We went the opposite direction from yesterday towards the city centre.  We visited several plazas and parks with modern and traditional statues and fountains and marvelled at the architecture built mainly in the 1920s and 30s that reminded us of Sydney of our youth.  There are old palaces now converted to other uses and old churches squeezed between new high rise.

Our real destination was Tristan Narvaja, the Sunday markets.  This is one of the largest markets we have ever seen taking up about 20 city blocks with about a dozen streets closed for the day.  There was every imaginable item on sale with sections for fruit and vegetables, clothing, a lot of old wares, much of which was reminiscent of our youth.  It was exceptionally crowded and you moved through at the same pace of the bodies in front of you.

We had a leisurely walk on the way to the markets with many stops for sightseeing and photos but it was only on the return that we realised how far we had traversed.

After lunch we did what any self respecting Uruguan would do on a Sunday afternoon and enjoyed a siesta.
Characters from Carnivale..The Gramillero or old wizard doctor with Mama Vieja

The drummers or Cuerda who play the chico,the repique and the piano drums

Lavalleja the distinguished political and military figure in Uraguay's independence

Three thinkers..Einstein, Vaz Ferreira and Robert on a park bench on Sunday

How much is that doggie in the suitcase?

The entrance to the markets before it got busy

Saturday, February 15, 2014

A Day in Montevideo

A few years ago, when we were on a cruise, our ship could not enter the port of Montevideo due to a maritime fire.  Today we made up this lost opportunity.

From Buenos Aires, we travelled to Colonia del Sacremento which took about 1 hour by fast ferry,  We then caught a bus down to the capital of Uruguay, Montevideo.

This morning we set off from our hotel to see the highlights of the old part of the city, known as Ciudad Vieja.  These included Plaza Independencia which is surrounded by the grandest buildings in Montevideo.  The Palacio Estevez which for decades hosted the president's office, is now a museum and next to it the Torre Ejecutiva which is now the presidential office, the Teatro Solis (theatre) and the Radisson Hotel which now looks rather tired and shabby.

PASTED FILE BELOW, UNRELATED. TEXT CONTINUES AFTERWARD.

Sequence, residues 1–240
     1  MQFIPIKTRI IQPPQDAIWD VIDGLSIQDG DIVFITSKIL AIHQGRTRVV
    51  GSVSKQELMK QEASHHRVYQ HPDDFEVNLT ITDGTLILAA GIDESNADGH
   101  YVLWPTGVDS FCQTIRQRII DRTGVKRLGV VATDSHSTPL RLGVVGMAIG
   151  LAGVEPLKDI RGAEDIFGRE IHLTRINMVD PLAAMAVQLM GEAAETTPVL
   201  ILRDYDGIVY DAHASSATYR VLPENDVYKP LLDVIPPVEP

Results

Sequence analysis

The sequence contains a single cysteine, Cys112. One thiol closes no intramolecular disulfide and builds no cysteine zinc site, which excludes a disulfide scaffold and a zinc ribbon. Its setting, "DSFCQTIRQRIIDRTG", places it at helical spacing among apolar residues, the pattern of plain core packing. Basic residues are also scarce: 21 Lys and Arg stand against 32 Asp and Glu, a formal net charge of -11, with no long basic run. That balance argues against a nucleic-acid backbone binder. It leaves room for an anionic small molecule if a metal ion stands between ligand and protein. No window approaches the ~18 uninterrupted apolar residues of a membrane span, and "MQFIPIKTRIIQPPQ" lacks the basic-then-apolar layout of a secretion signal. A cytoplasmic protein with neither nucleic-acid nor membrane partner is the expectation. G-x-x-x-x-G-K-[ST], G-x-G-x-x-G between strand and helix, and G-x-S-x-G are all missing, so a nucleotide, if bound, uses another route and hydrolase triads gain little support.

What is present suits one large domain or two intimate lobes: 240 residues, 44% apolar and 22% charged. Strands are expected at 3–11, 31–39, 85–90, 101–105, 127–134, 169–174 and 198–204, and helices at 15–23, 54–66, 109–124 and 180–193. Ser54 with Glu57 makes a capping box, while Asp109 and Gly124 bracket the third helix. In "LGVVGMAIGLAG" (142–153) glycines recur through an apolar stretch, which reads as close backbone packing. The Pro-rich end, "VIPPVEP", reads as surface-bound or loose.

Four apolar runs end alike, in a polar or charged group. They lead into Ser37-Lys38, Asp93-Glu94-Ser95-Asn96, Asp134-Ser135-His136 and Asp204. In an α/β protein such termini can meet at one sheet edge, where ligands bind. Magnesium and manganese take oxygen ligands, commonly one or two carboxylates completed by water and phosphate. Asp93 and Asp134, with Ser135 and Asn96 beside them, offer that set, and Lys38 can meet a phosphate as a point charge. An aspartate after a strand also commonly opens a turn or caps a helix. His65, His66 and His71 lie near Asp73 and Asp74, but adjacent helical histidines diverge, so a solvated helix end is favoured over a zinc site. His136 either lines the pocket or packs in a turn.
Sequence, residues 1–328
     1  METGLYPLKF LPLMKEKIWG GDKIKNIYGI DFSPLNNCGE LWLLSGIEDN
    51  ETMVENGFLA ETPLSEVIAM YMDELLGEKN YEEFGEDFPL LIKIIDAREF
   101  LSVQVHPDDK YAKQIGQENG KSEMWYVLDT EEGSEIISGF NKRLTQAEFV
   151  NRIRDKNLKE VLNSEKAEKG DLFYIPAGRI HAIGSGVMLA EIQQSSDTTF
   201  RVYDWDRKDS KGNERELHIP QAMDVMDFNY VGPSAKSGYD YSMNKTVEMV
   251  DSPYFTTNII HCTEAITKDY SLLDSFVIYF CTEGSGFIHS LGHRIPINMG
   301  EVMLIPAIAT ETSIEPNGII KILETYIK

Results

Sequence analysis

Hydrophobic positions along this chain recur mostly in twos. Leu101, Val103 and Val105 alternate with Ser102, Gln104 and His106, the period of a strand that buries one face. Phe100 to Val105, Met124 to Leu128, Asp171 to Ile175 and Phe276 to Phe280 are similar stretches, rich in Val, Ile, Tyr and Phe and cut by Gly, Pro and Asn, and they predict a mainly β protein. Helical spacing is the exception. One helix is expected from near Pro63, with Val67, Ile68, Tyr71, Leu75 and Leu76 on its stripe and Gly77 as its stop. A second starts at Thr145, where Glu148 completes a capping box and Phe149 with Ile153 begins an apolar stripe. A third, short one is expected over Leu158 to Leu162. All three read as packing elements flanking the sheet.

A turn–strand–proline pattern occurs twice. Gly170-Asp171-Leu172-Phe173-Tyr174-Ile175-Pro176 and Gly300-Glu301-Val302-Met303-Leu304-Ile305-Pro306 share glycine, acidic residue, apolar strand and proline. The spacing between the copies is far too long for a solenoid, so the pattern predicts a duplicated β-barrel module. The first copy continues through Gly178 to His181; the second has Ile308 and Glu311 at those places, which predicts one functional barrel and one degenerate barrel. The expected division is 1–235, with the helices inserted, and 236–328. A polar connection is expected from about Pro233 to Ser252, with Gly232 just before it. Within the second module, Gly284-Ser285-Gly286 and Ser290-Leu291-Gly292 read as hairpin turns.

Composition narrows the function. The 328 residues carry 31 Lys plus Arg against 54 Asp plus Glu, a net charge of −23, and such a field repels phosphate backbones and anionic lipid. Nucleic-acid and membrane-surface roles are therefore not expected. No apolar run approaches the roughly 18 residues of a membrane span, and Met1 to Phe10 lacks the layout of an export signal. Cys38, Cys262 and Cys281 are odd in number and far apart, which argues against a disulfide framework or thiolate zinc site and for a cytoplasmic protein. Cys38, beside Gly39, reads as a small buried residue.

We particularly liked the Palacio Salvo which when built in 1928, was the tallest building in South America.  In the centre of the square is the statue of General Artigas, a national hero.  Below the statue, is his mausoleum, guarded by 2 soldiers in dress uniform.

We strolled down the Sarandi, a pleasant pedestrian street, towards the port and stopped at the Plaza Matriz with its centre fountain surrounded by an antiques market.  Adjacent to this is the cathedral.

We eventually reached the port and the very busy Mercado del Puerto.  The cruise ship, Celebrity Infinity was at anchor where we would have been and the place was very busy as a result.  There are many barbecue restaurants and the Uruguayans give the Argentinians a run for their money in the art of cooking a barbecue.

A most interesting stroll broken up with a pleasant lunch but we had to walk uphill all the way back to our hotel.

 Palacio Salvo..The tallest building in South America when constructed in 1922. Later the architect built one the same in Buenos Aires. He still has not been forgiven
 The former Presidential Palace
 The National hero General Artigus
 The Teatro Solis
 The markets in the Matriz Plaza.
 Gail at the Mercado del Puerto

Thursday, February 13, 2014

A Day with Jorge Luis Borges

We were convinced by our friend Frank to spend some time in Buenos Aires looking up Jorge Luis Borges, the literary giant and poet who is a famous son of Buenos Aires.

After the slow proess of buying out tickets to Colonia and Montevideo in Uruguay, we set off to explore some aspects of Borges' life.  There is nothing in the tourist books about a Borges Museum but the Centro Cultural Borges is as close as they get.  It is located on the top floor of the Galerias Pacifico, an impressive shopping mall that we have previously visited.  There is not a lot to see, a few original pages from the "Aliph", original illustrations and newspaper cuttings of his life and death.

The centre also hosts other current artists and cultural events.

Our next visit was to La Ciudad Bookstore, frequented by Borges and used for meetings.  We were initially disappointed that it was closed but the owner left his lunch at a nearby cafe and came over to open the shop and insisted that Robert sit on Borges' old wooden chair at  his rather small desk covered with original editions of his work.  This shop is on Calle Maipu, just down the street from where Borges lived.

Our final stop was  Cafe Tortoni, Buenos Aires' oldest cafe.  We lunched on fillet steak and Argentinian wine.  We are not sure if Borges sipped absinthe or drank herbal tea!    In one corner of the cafe is a life sized statue of Borges and colleagues sitting at a table. This cafe has a wonderful ambience with a queue outside waiting to go inside.

There were other places we could visit - the former National Library where Borges was director, even when he was blind.  When people read to him, he would direct him to the exact passage with his incredible memory.  We could have visited the Borges International Foundation, run by his widow, Maria Kadoma.  It holds many 1st editions but by now it was closed!!

We did what we expect Borges may have done.  We returned to our hotel for a siesta.

 Jorge Luis Borges
 From the Centro Cultural Borges

 Robert at the desk of Borges
 Lunch at the Cafe Tortoni
 Borges at the Cafe
 Cafe facade

Robert discussing his work. We think he dozed off!